Another subset of these tumors that is composed of myofibroblasts and called IMT shows a clonal genetic abnormality consisting of one of several different translocations involving the short arm of chromosome 2 and another chromosome. Each of these translocations causes activation of the anaplastic lymphoma kinase (ALK) gene located at 2p23 [6]. This activation, which is believed to be oncogenic and which can be identified immunohistochemically, has been identified in about 35% of lung tumors and 50% of extrapulmonary IMTs. Tumors with these clonal translocations are considered to be neoplasms. Other chromosomal abnormalities have been detected in another subset of these tumors [6,7]. Still some IMTs have no known abnormalities [6].

Identical translocations involving the ALK gene were previously found in a subset of anaplastic large cell lymphomas, and their presence is associated with a more favorable outcome than lymphomas of similar appearance without ALK expression. Further, ALK expression has been found in several other soft tissue tumors usually not in the differential diagnosis of IMT [8]. The significance of ALK expression in all of these tumors is still under investigation.

Gross appearance: Lung tumors are circumscribed but not encapsulated and vary from 1 to 15 cm in diameter [3]. They are firm and sometimes gritty on sectioning due to calcification [9]. They obliterate bronchovascular structures. They may have a yellowish cast from the lipid-filled histiocytes. The tumors are locally invasive, sometimes multicentric, and recur unpredictably, especially if not completely excised [3]. As described in the above case, tumors involving the lung may present as a large mediastinal mass [2,9]. Rarely, metastasis has been reported [7], but distinguishing metastasis from multicentricity can be a problem.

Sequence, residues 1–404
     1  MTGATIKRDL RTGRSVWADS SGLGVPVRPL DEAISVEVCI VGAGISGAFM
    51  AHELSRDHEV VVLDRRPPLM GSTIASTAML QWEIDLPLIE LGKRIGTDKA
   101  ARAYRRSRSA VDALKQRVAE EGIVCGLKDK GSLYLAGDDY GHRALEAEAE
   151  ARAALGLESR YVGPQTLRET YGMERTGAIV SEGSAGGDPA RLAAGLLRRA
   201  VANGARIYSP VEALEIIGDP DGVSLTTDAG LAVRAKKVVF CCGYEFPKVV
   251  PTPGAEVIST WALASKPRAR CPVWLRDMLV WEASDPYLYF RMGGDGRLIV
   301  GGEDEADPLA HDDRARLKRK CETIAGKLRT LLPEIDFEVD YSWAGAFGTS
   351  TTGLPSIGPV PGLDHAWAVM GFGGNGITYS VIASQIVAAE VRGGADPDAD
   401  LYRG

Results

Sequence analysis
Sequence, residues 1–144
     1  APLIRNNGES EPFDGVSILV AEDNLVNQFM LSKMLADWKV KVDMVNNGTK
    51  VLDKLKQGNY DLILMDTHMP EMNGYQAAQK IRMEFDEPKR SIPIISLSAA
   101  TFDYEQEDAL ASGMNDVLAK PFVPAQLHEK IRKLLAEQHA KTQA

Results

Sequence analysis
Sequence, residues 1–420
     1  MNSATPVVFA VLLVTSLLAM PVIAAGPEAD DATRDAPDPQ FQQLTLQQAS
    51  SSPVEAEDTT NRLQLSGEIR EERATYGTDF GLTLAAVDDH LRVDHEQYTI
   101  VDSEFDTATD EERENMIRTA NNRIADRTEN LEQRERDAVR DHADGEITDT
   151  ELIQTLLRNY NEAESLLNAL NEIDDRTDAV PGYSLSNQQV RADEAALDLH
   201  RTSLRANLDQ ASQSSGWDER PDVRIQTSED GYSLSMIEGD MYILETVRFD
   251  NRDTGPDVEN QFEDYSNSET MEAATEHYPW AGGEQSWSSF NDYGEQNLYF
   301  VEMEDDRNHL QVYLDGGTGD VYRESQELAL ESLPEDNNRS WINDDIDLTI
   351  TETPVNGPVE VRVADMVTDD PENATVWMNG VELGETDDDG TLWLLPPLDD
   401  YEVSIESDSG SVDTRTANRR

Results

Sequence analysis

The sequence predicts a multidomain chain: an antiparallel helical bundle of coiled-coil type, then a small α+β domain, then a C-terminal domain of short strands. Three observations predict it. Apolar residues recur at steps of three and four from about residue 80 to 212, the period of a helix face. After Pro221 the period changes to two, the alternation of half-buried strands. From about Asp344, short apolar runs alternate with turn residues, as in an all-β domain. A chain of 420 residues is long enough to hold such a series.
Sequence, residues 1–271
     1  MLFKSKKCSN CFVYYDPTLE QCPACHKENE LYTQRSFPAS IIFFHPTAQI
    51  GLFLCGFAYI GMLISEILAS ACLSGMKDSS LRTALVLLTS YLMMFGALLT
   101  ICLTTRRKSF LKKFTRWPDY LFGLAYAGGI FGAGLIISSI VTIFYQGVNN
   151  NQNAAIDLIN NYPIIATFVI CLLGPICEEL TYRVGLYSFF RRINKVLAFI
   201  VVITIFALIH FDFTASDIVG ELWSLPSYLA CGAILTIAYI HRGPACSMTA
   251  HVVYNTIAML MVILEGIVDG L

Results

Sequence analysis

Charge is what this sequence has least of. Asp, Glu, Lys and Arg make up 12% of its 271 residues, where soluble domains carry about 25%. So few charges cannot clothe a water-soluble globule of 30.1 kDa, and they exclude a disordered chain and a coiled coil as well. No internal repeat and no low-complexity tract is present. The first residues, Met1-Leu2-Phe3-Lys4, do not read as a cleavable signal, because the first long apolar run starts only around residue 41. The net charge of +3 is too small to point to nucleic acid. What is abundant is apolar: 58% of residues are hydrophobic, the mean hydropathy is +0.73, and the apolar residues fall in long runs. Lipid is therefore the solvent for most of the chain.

Histology: IMTs are tumors composed of spindled fibroblasts and myofibroblasts, lymphocytes and plasma cells, foamy histiocytes, and collagen, all in varying amounts. The spindled cells stain with a marker of smooth muscle cells--smooth muscle actin--and are negative for epithelial markers [3,7]. Staining for the presence of ALK, while not diagnostic, can help to confirm the diagnosis of an otherwise typical IMT. The plasma cells are polyclonal and reactive.

Treatment and behavior: A few tumors have responded to radiation or corticosteroids when excision was not possible [10]. Patients with these usually static or slowly-growing tumors have an excellent prognosis if the tumor is completely removed [3].